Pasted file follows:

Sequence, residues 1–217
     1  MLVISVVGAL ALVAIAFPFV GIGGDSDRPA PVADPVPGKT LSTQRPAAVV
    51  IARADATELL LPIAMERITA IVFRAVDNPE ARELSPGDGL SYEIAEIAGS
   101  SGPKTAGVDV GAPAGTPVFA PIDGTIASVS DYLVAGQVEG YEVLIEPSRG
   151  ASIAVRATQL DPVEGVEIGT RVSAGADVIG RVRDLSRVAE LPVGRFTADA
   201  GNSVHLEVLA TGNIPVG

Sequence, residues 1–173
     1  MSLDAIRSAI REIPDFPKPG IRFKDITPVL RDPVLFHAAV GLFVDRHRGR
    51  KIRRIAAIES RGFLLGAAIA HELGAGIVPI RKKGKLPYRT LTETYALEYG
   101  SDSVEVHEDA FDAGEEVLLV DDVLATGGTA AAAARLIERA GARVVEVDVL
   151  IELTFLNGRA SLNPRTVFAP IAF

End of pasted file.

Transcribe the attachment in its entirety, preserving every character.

Sequence, residues 1–217
     1  MLVISVVGAL ALVAIAFPFV GIGGDSDRPA PVADPVPGKT LSTQRPAAVV
    51  IARADATELL LPIAMERITA IVFRAVDNPE ARELSPGDGL SYEIAEIAGS
   101  SGPKTAGVDV GAPAGTPVFA PIDGTIASVS DYLVAGQVEG YEVLIEPSRG
   151  ASIAVRATQL DPVEGVEIGT RVSAGADVIG RVRDLSRVAE LPVGRFTADA
   201  GNSVHLEVLA TGNIPVG

Sequence, residues 1–173
     1  MSLDAIRSAI REIPDFPKPG IRFKDITPVL RDPVLFHAAV GLFVDRHRGR
    51  KIRRIAAIES RGFLLGAAIA HELGAGIVPI RKKGKLPYRT LTETYALEYG
   101  SDSVEVHEDA FDAGEEVLLV DDVLATGGTA AAAARLIERA GARVVEVDVL
   151  IELTFLNGRA SLNPRTVFAP IAF